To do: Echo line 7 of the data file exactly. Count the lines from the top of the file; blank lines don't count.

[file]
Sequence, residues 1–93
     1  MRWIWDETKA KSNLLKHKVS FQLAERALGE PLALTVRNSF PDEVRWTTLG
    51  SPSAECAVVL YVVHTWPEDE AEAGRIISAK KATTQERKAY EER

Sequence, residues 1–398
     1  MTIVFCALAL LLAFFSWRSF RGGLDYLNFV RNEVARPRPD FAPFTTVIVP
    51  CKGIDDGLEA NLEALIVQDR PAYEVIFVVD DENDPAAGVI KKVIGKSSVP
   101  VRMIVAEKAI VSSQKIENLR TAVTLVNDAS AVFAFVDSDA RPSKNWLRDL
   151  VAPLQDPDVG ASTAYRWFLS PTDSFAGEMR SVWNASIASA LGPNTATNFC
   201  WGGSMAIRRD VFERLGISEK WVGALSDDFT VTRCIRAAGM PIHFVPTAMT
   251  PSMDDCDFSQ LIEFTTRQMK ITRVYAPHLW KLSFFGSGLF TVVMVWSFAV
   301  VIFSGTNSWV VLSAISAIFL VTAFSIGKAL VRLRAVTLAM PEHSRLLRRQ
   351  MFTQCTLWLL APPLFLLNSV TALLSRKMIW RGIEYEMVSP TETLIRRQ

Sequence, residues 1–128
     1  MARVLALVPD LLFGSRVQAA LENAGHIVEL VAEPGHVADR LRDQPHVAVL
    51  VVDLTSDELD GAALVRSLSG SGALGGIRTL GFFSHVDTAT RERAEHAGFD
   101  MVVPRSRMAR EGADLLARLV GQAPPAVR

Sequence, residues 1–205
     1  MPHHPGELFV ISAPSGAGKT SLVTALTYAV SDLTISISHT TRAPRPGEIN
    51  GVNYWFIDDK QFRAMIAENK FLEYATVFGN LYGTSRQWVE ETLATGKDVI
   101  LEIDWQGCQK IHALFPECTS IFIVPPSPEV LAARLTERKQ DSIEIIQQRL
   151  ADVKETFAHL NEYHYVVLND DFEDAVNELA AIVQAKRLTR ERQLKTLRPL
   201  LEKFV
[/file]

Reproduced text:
   101  VRMIVAEKAI VSSQKIENLR TAVTLVNDAS AVFAFVDSDA RPSKNWLRDL